I understand what you mean! I'm scared to death to order any
gold because I haven't a clue as to what a DWT is!
This stuff is really QUITE simple.
"dwt" is an abbreviation for "pennyweight". It is spelled
"dwt" instead of "pwt" because it comes from medieval times,
when jewellers couln't spel goodly. And besides, "pwt" is a
bit too easy to get confused with "PeWTer", which, as anybody
knows, is a rather common (i.e., cheap) metal. Who wants to
buy a very expensive metal like gold if it's measured in
Now then, there are 20 dwt (pennyweight ... or is it
pennyweights ... or maybe pennies-weight?) in an ounce. Well,
no, ... not really. See, there are 20 dwt in a "TROY" ounce.
A TROY ounce is different than a "regular" ounce, in that
there are only 10 of them in a pound. ... er ... that is,
there are 10 "Troy ounces" (often abbreviated "Trounces" in
Renaissance England, thus giving rise to the verb "to
trounce", meaning to pelt with heavy metal. Of course, lead
was and is more popular for this task, but I digress.)
As I was saying, there are 10 Troy Ounces in a Troy Pound. Of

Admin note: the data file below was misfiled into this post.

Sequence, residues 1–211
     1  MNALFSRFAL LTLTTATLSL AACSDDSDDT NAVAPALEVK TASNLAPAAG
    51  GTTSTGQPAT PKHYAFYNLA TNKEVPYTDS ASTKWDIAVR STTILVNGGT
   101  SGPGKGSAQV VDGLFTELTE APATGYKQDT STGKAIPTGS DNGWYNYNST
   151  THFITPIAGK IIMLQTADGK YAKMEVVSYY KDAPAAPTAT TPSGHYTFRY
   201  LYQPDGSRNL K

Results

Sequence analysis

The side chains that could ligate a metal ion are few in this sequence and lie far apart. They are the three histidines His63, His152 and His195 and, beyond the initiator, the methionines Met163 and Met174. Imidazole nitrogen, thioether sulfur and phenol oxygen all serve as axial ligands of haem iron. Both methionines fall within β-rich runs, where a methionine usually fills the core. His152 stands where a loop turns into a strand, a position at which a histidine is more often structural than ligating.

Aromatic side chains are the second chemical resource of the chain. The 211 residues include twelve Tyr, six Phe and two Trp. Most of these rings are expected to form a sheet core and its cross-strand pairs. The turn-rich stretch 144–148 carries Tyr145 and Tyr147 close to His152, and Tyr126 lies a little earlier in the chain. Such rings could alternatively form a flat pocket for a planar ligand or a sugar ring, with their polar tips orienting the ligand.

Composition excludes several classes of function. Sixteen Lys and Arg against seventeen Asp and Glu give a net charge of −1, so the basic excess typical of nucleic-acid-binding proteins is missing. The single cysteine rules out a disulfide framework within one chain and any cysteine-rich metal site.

course a Troy Pound is equal to only about 13.56 good ol'
regular ounces, (give or take). Some unscrupulous metals
dealers dreamed this up during the Holy Roman Empire, as a way
to avoid paying their full taxes.
When the Emperor's tax collectors caught on to the scam, the
jewelers were summoned before the Emperor Constantine.
Knowing that "Connie" (as his friends called him) had been
brutalized as a wee lad by being forced to read the Illyiad in
its original Greek, the jewelers told him that they had been
defrauded by some metals merchants from Troy.
With a tear in his eye, the mighty Emperor of the Known
World pardened the jewelers, and promptly declared war
on Persia in retaliation. Emperor Connie knew perfectly well
that Persia had nothing to do with the whole thing, but, it
had access to massive quantities of spices, silks, and
while Troy had a lot of rock.
See how simple it is?